By Matthew Carr
For investors, retail has been a tough arena.
Over the past year, the Consumer Staples Select Sector SPDR ETF (NYSEARCA:XLP) and the Consumer Discretionary Select Sector SPDR ETF (NYSEARCA:XLY) have trailed the Dow Jones Industrials, S&P 500 and Nasdaq... and by a significant margin.
I've written this here before, but U.S. brick-and-mortar retail is dying.
American retailers are closing stores at the fastest pace ever. Roughly 10% of mall retail space - or 1 billion square feet - is on the verge of being closed, having rents slashed or transformed into something else. And in March, retailers cut 30,000 jobs, the same as in February. It was the worst two-month span of job cuts for the sector since 2009 - during the depths of the Great Recession!
This year, as many as 8,640 total stores may close, which would outpace the 6,200 closed in 2008.
And as I've pointed out for years, it's because the companies failed to adapt. They were slow to recognize the changing tides, and are now being destroyed by a single company... Amazon (NASDAQ:AMZN).
A mammoth no one can seem to beat... at least not in the U.S. But as you'll see, others have had success elsewhere.
The fact of the matter is that e-commerce and mobile commerce (m-commerce) are quickly becoming more and more important to retail. And these avenues are essential to growth. Because not only is Amazon the biggest player here, it controls more of e-commerce sales growth than all other U.S. retailers combined.
Let's be honest... Amazon won the U.S. e-commerce and mobile markets. Wal-Mart (NYSE:WMT) is so far behind, Warren Buffett liquidated his stake in the company.
But the U.S. is just one jewel Amazon wants in its crown. It's looking to dominate internationally. But that's easier said than done.
We've seen that, outside the U.S., Amazon can be beaten. (And U.S. retailers should take note.)
The Hungry Dragon
Outside the U.S., investors should understand retail is attractive. Especially online retail.
And China tops both lists. That's because of not only size (with China's population four times that of the U.S.), but also the tremendous growth.
In the first quarter, China's GDP grew faster than expected, increasing 6.9%. The days of its economy growing at double-digit rates seem to be over. Regardless, it's still a blistering pace.
Now, China has already surpassed the U.S. as the largest retail market. And it happened two years earlier than expected. China also is the world's largest e-commerce market, representing $672 billion last year, with an annual growth rate of 35%.
Think of it this way... what Amazon is to the U.S. e-commerce market, that's what China is to the world. Nearly half of all e-commerce spending worldwide takes place in China. It also accounts for 55% of all m-commerce worldwide.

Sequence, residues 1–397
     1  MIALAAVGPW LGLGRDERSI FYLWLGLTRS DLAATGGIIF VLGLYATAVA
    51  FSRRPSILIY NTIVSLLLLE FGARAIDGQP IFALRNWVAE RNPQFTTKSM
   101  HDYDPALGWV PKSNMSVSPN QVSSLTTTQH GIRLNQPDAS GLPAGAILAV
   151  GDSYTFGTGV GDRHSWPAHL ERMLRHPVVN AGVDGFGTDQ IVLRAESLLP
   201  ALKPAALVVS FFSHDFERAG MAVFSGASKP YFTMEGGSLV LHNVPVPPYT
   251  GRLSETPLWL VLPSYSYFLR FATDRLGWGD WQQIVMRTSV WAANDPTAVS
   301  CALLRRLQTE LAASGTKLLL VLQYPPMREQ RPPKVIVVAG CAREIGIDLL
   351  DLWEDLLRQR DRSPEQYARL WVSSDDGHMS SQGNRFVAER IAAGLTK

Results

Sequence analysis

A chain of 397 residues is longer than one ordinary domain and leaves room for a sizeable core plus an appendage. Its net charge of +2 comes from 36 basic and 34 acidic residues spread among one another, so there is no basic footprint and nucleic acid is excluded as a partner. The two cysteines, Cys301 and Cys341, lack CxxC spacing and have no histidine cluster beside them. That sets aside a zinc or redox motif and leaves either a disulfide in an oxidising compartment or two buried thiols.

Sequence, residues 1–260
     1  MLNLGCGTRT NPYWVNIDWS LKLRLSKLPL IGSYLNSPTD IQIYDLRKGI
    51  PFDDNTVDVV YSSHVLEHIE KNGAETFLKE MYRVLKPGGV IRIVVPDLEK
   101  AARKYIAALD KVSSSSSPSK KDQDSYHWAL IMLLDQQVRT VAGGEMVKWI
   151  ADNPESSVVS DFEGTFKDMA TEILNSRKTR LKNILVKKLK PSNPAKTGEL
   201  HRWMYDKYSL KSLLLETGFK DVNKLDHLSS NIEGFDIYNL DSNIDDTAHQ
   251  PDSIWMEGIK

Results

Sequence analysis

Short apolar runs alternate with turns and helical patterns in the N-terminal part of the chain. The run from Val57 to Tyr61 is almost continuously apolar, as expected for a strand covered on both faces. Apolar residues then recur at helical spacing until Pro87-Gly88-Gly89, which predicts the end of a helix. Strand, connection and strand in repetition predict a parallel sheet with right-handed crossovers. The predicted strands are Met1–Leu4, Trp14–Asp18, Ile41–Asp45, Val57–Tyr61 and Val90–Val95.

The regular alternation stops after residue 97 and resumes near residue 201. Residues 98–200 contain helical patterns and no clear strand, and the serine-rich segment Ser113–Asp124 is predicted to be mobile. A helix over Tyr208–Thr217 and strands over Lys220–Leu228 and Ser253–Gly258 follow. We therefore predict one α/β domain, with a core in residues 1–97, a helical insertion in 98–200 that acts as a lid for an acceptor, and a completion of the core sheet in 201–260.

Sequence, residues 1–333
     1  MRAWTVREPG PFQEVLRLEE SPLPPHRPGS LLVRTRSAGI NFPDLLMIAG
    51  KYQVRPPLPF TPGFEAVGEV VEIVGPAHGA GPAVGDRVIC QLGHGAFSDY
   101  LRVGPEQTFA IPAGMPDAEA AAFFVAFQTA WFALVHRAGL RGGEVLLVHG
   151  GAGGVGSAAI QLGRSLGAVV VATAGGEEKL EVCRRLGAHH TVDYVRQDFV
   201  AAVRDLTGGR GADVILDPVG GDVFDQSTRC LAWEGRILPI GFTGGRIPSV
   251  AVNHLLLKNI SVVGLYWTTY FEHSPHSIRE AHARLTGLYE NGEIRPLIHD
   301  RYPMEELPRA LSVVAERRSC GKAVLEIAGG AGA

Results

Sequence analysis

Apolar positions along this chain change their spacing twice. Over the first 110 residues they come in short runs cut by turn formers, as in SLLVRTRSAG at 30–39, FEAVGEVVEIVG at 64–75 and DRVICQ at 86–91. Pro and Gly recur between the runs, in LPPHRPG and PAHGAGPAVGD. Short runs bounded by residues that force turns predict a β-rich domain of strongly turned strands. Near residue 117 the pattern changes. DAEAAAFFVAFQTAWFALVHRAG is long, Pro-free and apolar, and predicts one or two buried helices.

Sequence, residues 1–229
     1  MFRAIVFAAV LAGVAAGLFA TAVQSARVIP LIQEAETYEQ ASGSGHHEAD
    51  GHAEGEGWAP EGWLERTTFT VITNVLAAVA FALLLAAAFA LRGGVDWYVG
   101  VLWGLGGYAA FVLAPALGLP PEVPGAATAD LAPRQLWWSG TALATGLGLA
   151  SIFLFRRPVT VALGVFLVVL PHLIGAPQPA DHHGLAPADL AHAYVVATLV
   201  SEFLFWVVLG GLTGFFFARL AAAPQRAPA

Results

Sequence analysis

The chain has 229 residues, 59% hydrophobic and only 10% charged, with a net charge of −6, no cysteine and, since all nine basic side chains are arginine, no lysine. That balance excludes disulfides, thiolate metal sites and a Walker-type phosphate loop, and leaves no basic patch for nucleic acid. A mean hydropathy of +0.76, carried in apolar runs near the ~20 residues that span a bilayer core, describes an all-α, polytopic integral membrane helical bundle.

The online retail numbers border on ridiculous. By 2019, e-commerce sales in China will top $1 trillion. Total retail sales in the U.S. last year were $5.4 trillion. And by 2020, China will represent 68% of all m-commerce sales globally.
The country is far and away the largest e-commerce market in the world.
But at the same time, consumers in China love e-commerce and m-commerce. The percentage of total retail sales from e-commerce is 15.9%. That's also far and away the largest percentage in the world.
So not only is China's e-commerce market twice that of the U.S., the percentage of e-commerce within total retail sales is double that of the U.S. (7.5%).
Where Wal-Mart Is Beating Amazon
We've seen that, outside the U.S., Amazon can be beaten.
In the world's largest e-commerce market - China - Amazon is so far behind, it's inconsequential. Amazon accounts for less than 1% of the market.
The U.S. e-comm giant bought China's largest online bookseller, Joyo, in 2004. This was rebranded as Amazon China in 2011. And Amazon Prime was launched in China last year.
But it hasn't been able to make any headway.
Alibaba (NYSE:BABA) and JD.com (NASDAQ:JD) are nos. 1 and 2 here. Alibaba's Taobao, Alibaba.com and Tmall give it a powerful presence. Tmall alone represented 56.6% of all e-commerce in China in 2016. Meanwhile, JD.com (which Wal-Mart owns 12% of) accounted for 24.7%.
Because of China's e-commerce market size, the companies that control the market are outsized. For example, Alibaba's gross merchandise volume is more than that of Amazon and eBay (NASDAQ:EBAY) combined. Plus, Alibaba's online sales and profits are more than that of all U.S. retailers combined... That includes Amazon.
China has the advantage, but investors must remember that online retailers are king.
Alibaba's revenue is expected to grow 54% this year to $22.6 billion, and grow another 31.5% next year to $29.8 billion.
JD.com's revenue is expected to grow 33% this year to $50.3 billion, and increase another 25.7% to $63.2 billion next year.
Amazon's revenue is expected to grow 21.5% in 2017, increasing to $165.3 billion, and growing another 20.7% in 2018 to $199.5 billion.
These are large companies growing at 20%-plus rates. That's a pace that would be enviable for small-cap retailers. And these are double-digit growth rates, while brick-and-mortars are shutting stores and laying off workers at a record pace.
So traditional U.S. retail may be dying, but that doesn't mean there aren't great opportunities in the sector. You just have to look far beyond the local mall.
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